Enhancing the ecology a priority for generations of Kilmog farming family

Nick and Steph Scott with William (2) on their farm on the Kilmog, south of Waikouaiti. PHOTO:...
Nick and Steph Scott with William (2) on their farm on the Kilmog, south of Waikouaiti. PHOTO: SALLY RAE
Generations of the Scott family, from Waikouaiti, have invested heavily in preserving and enhancing the ecology of their land.

But as Nick and Steph Scott see it, they are no different from most farmers in New Zealand.

‘‘We run a land-based business that needs to generate an economic return but, at the same time, we are aware of our environmental responsibilities and have a genuine attachment to the land that, in my view, is far greater than that of many of our urban counterparts,’’ Mr Scott said.

Mr and Mrs Scott farm Braes Farm, a coastal sheep and beef property about 25km north of Dunedin, on State Highway 1.

The 750ha property comprises a 550ha home block and a 200ha lease block a few kilometres south.

They were fifth generation on the property, having purchased what was originally Mr Scott’s family farm in 2006, and later adding an adjoining property.

After studying at Lincoln University, Mr Scott joined the banking industry for eight years, working in rural finance.

He spent four years in Southland with ASB and then another four years in Otago, before going farming.

From Auckland, Mrs Scott is a landscape architect who met her future husband while studying at Lincoln. The couple have three children — Charlotte (7), George (5) and William (2).

The couple run about 4000 sheep and, depending on the season, between 400 and 600 cattle, mainly trading beef animals with some dairy grazing.

The property’s topography varied from relatively steep paddocks to intensive flats, although the bulk of the land was easy rolling.

Nick Scott beside a creek which has been fenced and riparian planted. PHOTO: SALLY RAE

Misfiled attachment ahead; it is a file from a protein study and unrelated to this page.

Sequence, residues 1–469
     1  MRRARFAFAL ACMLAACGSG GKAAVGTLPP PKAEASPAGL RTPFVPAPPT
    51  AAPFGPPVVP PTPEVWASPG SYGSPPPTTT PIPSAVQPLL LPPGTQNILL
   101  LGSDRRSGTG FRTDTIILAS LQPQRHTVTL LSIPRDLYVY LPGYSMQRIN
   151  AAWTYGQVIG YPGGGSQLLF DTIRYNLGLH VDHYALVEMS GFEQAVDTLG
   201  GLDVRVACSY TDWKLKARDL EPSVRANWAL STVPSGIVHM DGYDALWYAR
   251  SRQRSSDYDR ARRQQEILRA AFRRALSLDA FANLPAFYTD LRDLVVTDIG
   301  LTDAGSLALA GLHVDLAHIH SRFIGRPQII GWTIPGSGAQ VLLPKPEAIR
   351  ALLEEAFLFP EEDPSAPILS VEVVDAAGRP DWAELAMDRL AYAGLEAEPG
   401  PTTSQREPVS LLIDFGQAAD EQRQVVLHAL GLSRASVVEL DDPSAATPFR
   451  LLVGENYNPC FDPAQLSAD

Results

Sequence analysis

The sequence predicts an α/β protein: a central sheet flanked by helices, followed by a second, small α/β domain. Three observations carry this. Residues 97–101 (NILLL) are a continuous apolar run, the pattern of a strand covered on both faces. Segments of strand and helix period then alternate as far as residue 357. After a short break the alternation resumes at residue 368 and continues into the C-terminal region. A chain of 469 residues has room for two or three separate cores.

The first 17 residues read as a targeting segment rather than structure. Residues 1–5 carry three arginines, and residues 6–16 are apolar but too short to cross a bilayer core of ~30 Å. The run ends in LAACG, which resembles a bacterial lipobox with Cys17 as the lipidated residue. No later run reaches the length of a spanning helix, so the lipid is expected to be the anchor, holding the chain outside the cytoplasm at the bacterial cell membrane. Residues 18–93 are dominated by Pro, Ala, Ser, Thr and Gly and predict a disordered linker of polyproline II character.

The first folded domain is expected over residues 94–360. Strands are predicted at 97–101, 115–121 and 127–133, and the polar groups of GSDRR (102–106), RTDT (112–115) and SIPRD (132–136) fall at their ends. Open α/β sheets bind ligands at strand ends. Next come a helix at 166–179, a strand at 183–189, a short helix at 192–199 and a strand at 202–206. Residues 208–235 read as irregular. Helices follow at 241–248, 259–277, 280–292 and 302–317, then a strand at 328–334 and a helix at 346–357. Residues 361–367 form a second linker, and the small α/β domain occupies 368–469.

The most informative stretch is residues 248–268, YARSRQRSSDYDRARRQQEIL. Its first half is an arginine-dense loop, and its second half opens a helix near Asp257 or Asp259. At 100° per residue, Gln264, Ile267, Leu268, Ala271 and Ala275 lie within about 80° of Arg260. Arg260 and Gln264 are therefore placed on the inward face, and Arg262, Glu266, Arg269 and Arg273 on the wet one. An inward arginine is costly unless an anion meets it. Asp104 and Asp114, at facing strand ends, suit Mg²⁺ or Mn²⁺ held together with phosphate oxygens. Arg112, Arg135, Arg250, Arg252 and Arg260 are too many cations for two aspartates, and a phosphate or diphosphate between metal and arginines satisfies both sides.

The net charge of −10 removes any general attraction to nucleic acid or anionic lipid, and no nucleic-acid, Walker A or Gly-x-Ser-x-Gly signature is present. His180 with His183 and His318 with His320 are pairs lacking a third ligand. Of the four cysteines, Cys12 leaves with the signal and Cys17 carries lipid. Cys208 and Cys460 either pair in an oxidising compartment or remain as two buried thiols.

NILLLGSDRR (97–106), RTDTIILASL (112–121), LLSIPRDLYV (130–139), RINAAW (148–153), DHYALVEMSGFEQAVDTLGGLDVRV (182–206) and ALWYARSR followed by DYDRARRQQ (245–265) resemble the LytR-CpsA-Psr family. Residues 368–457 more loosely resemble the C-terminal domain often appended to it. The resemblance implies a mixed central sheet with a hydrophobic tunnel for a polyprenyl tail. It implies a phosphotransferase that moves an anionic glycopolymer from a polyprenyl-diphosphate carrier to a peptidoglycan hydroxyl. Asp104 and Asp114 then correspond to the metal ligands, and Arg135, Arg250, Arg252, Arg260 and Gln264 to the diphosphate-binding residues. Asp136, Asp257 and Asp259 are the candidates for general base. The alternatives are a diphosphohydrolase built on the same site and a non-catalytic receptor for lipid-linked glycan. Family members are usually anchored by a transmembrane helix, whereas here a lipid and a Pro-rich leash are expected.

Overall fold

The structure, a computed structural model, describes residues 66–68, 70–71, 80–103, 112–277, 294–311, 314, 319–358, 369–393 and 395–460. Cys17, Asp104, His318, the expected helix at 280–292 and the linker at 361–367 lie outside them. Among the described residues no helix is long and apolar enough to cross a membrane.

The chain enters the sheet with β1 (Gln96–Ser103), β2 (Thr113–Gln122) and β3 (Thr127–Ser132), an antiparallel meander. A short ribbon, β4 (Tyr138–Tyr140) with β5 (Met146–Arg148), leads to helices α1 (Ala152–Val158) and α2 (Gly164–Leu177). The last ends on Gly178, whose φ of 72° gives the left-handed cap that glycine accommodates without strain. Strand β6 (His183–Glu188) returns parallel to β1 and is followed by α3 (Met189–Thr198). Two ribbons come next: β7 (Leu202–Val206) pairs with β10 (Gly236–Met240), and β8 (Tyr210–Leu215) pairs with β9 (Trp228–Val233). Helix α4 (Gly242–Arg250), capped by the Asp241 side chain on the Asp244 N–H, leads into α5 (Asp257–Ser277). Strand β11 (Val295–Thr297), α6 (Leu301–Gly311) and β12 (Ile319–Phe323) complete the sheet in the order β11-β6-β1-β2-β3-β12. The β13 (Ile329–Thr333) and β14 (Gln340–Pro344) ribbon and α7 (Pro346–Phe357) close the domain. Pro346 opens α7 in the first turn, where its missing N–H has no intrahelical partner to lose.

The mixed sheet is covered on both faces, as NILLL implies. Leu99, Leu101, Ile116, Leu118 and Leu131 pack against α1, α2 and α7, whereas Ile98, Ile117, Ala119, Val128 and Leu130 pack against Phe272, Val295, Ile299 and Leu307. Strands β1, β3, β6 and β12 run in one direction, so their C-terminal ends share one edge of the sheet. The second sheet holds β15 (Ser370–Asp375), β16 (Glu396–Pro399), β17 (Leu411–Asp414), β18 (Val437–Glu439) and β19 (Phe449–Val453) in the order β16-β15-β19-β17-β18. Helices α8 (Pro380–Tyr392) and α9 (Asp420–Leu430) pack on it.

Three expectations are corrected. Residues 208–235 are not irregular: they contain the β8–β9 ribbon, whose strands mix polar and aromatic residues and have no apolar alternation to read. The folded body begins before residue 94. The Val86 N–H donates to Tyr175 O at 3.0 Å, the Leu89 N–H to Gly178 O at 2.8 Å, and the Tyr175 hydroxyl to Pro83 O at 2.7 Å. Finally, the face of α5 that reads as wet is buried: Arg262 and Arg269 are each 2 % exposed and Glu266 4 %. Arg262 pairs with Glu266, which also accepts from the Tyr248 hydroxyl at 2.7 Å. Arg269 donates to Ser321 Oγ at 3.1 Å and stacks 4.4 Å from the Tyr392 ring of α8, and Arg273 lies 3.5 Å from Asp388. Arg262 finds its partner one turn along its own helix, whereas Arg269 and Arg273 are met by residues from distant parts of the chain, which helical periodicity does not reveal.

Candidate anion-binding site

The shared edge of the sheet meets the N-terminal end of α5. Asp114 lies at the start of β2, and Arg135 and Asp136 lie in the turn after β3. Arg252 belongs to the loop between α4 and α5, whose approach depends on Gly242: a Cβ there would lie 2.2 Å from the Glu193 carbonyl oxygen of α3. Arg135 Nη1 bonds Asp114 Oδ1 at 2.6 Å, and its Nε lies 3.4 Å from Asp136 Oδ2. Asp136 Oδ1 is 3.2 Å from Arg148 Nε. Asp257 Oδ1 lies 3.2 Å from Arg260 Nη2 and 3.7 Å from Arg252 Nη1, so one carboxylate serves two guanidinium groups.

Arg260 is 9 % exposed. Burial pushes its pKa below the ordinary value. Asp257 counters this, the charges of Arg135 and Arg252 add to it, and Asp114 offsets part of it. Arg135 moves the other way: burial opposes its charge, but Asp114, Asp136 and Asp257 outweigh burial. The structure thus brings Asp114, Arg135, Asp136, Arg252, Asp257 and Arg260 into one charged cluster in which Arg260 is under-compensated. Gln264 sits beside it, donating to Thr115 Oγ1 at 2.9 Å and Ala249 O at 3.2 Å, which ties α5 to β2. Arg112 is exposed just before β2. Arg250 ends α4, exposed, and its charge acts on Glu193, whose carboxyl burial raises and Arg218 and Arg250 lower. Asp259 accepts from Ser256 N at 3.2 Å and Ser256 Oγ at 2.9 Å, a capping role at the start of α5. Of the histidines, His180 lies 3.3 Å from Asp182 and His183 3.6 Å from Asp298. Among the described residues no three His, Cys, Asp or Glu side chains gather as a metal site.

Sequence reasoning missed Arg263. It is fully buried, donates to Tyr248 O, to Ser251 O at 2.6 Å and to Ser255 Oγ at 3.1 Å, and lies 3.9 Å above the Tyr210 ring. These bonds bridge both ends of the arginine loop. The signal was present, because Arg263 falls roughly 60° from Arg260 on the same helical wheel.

Nick Scott beside a creek which has been fenced and riparian planted. PHOTO: SALLY RAE
The main challenge was the variable climate; it was exposed to summer dry, although usually a fairly favourable winter, which suited their business.

Over the years, the Scott family had invested a significant amount of capital and time into preserving and enhancing the sustainability of their land.

Any water runoff flowed north, eventually feeding into the Waikouaiti River Karitane Estuary, with just over 4km from the last point at which water left the farm to the river itself.

Two significant creeks run through the farm, both important tributaries to the Waikouaiti River and Karitane Estuary.

The Kilmog Creek was completely fenced from where it entered the farm to where it exited. That was completed by Mr Scott’s father Ian in 1989.

Areas of native bush were preserved with exotic trees planted in the clear spaces preventing weed infestation.

Native areas within the fencing had regenerated with livestock access completely restricted. The water ran clear and clean and the erosion-prone gorge had stabilised, Mr Scott said.

The second significant creek travelled for 1.5km through intensive flat paddocks. The family undertook a three-stage project, starting in 2012, fencing the creek on both sides and riparian planting about 4m-5m on either side in native species.

Members of the Karitane Estuary Care Group were involved with the first stage of the project.

The final stage was completed only recently and the creek was now fenced and planted from boundary to boundary.

A total of 6000 natives had been planted within that area and two bridges had been built, enabling sheep and cattle to cross the creek without disturbance.

Those projects had been voluntarily completed to protect the streams, given the property’s intensive stocking rates and farming systems.

The creek before fencing and planting. PHOTO: SUPPLIED
The creek before fencing and planting. PHOTO: SUPPLIED
But Mr Scott emphasised such measures were not practical and, in his view, not necessary, on more extensive hill country operations.